What Is E-A-T?
E-E-A-T is an acronym that stands for Experience, Expertise, Authoritativeness, and Trust which is a set of website evaluation standards that comes from Google’s Search Quality Evaluator Guidelines. E-E-A-T signals are a part of the ranking algorithm systems.
Also referred to as Double-E-A-T, the first E is new to Google’s Search Quality Evaluator Guidelines. In December 2022, Google update the guidelines to include an extra E for Experience to underscore the importance of content being created to be original and helpful for people based on first-hand experiences.
Google wants to rank web pages for certain queries that demonstrate evidence of the creator having some degree of experience with the person, place, or thing they are publishing about; not just manufacturing the details from other people’s experiences.
A common example of content that requires E-E-A-T includes a product review from a person who actually bought, used, and tested it. Another example is a person sharing details about a location and having personally visited that place.
- First E refers to the experience of the content creator having the necessary first-hand or life experience for the topic.
- Second E refers to the expertise of the content creator as having the necessary knowledge or skill for the topic.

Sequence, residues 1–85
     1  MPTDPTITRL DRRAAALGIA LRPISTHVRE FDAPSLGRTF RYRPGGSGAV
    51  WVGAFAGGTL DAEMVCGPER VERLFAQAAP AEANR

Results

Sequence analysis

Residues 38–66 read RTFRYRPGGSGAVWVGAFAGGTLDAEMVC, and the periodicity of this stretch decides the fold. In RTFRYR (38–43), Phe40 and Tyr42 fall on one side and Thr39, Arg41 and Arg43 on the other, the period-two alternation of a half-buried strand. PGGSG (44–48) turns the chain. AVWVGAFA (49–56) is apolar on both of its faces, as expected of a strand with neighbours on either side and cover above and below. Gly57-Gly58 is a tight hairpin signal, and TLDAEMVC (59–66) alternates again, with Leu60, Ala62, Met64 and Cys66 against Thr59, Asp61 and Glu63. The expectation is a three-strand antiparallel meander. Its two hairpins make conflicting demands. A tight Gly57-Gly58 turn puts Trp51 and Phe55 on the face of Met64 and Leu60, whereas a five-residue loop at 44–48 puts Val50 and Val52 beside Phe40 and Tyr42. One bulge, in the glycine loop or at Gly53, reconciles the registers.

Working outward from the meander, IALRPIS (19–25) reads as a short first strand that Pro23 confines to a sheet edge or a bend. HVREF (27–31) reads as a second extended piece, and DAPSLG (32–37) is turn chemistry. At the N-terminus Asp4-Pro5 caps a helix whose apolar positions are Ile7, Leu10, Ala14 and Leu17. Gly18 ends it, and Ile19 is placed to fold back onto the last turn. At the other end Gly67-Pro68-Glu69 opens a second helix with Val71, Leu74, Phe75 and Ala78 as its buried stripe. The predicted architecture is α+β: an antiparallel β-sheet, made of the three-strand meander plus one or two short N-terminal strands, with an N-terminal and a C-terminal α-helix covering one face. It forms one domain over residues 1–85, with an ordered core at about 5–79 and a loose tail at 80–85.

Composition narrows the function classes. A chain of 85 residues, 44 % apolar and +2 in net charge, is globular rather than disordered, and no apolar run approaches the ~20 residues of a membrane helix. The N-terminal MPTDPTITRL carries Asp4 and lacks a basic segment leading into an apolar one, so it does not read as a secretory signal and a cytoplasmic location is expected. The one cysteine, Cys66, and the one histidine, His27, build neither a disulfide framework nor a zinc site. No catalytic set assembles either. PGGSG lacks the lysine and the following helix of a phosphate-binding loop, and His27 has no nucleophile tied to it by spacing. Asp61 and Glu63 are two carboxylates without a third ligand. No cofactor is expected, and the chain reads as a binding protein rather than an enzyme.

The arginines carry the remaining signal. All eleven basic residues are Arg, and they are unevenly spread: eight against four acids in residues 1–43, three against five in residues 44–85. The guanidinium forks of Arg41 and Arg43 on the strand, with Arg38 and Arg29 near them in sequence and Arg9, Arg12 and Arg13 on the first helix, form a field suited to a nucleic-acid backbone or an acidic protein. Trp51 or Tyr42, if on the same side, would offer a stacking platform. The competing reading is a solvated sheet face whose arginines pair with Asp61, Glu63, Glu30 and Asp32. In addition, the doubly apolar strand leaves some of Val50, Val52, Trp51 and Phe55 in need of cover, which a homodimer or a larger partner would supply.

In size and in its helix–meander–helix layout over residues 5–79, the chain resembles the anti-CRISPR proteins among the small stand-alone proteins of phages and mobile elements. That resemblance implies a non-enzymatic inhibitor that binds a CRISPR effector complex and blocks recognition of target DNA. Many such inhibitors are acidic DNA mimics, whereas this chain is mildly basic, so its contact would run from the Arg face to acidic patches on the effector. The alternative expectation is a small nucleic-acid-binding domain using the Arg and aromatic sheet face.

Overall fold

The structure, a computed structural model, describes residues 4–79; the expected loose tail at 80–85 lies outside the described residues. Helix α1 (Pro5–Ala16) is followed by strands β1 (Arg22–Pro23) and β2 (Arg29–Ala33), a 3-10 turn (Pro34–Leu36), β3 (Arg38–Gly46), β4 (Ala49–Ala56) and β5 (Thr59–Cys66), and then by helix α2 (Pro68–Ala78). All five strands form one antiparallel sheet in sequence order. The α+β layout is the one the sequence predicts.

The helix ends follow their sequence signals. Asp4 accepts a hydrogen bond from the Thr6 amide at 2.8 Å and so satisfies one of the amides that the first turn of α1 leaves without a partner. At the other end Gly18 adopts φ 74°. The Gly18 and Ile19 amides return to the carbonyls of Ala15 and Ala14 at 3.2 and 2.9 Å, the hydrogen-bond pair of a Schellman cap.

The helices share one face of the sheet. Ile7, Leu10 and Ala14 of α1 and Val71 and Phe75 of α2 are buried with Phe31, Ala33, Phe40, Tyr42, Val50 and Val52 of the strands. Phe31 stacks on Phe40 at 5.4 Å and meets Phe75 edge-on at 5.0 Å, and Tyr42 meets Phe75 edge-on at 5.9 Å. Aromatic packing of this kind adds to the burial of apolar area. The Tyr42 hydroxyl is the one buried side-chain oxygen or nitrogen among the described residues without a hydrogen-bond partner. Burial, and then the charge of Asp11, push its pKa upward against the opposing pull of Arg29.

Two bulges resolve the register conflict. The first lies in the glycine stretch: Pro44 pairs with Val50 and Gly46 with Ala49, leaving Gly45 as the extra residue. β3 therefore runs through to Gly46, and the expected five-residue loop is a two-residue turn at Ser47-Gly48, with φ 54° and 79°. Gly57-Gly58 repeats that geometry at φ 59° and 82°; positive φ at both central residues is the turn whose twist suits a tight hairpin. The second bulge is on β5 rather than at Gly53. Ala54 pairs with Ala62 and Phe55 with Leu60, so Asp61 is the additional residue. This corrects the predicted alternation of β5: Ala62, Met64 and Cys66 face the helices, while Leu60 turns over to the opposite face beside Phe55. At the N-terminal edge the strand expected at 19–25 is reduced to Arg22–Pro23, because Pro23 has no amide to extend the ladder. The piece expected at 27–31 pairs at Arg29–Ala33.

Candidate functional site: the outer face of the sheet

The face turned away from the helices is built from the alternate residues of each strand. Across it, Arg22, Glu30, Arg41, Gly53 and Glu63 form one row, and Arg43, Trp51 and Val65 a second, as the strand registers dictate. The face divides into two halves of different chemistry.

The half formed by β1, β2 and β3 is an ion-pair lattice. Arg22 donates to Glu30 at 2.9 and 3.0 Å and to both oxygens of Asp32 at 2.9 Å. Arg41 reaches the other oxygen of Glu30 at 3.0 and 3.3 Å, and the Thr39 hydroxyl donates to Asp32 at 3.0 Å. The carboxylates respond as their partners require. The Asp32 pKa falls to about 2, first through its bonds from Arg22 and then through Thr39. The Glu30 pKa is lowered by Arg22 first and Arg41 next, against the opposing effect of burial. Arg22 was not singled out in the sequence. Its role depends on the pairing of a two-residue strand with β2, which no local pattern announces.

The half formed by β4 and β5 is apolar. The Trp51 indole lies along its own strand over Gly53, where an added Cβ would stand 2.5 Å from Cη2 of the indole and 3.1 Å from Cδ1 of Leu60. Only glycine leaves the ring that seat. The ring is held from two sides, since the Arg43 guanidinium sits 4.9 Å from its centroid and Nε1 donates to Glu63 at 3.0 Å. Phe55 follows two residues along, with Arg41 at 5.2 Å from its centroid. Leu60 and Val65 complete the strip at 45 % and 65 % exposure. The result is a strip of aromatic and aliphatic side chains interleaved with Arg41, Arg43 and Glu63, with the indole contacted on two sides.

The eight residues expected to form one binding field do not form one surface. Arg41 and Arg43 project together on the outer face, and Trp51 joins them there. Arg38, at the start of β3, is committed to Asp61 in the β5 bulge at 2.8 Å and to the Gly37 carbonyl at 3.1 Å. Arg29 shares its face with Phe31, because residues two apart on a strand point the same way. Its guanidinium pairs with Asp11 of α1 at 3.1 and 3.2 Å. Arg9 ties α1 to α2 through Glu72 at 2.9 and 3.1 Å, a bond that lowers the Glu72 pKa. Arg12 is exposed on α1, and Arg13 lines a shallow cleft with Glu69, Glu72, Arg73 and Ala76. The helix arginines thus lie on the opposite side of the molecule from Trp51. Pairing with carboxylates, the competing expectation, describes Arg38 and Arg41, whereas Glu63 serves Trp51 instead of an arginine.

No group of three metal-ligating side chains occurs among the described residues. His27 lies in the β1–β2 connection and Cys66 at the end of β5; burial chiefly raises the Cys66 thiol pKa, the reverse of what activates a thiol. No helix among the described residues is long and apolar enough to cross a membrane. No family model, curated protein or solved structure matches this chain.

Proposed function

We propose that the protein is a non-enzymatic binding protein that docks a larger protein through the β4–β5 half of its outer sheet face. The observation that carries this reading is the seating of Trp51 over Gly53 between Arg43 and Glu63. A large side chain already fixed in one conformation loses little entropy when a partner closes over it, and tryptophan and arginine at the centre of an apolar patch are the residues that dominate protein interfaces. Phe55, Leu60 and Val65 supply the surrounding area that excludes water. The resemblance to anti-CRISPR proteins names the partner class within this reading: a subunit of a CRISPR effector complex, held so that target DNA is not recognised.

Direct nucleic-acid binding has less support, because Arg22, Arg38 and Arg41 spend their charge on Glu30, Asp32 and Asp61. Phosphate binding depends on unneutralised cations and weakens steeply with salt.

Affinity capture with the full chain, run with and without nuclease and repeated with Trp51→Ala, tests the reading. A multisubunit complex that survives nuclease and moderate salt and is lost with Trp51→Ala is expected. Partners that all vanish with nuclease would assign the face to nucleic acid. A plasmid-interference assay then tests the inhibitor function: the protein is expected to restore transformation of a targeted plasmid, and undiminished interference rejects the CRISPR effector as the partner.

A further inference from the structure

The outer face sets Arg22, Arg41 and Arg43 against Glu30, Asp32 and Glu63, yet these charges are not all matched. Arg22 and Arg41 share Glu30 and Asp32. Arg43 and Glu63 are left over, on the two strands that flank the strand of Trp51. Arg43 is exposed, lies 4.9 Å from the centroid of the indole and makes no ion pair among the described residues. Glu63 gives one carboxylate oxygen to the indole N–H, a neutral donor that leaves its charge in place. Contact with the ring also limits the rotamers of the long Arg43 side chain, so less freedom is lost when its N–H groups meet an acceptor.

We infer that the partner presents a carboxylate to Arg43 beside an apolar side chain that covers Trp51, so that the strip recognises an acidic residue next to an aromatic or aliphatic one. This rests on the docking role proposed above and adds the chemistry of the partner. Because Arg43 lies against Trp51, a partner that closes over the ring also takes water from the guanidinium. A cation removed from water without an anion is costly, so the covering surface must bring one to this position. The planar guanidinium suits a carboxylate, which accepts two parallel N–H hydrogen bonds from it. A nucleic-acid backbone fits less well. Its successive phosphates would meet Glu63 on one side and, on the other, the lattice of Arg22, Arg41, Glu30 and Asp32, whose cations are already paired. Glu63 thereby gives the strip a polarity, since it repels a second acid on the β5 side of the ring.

- A refers to the authoritativeness of the content creator or the website as being known as a go-to source for the topic.
- T refers to the trust of the content by being accurate, honest, safe, and reliable.
The most important factor that is at the center of the E-E-A-T family is Trust. And having high degrees of Experience, Expertise, and Authoritativeness naturally raises the level of Trust for the content, its creator, and the website.
However, E-E-A-T is not a direct Google ranking factor, but there are other signals that Google’s algorithm uses to measure the Experience, Expertise, Authoritativeness, and Trust, including:
- Using original photos, videos, and audio files.
- Using the first-person point of view.
- Explaining how a particular person, place, or thing compares to similar items or people.
- Quantity and quality of backlinks on page and domain levels.
- Mentions of the brand, website, or content creator in trusted sources.
- Accuracy of content based on information stored in the Knowledge Graph.
- Content that requires freshness is kept up-to-date.
- Third-party reviews of the brand, website, or content creator.
- Notability and credentials of authors.
- What the creators and website say about themselves.
- Having transparent contact details.
- The website includes privacy, refund, and terms of service type pages.
- Having secure online payment systems.
- Using a secure version of the HTTP protocol that uses the SSL/TLS protocol for encryption and authentication (i.e., HTTPS).
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The Editorial Staff at SEO Chatter is a team of search engine optimization and digital marketing experts led by Stephen Hockman with more than 15 years of experience in search engine marketing. We publish guides on the fundamentals of SEO for beginner marketers.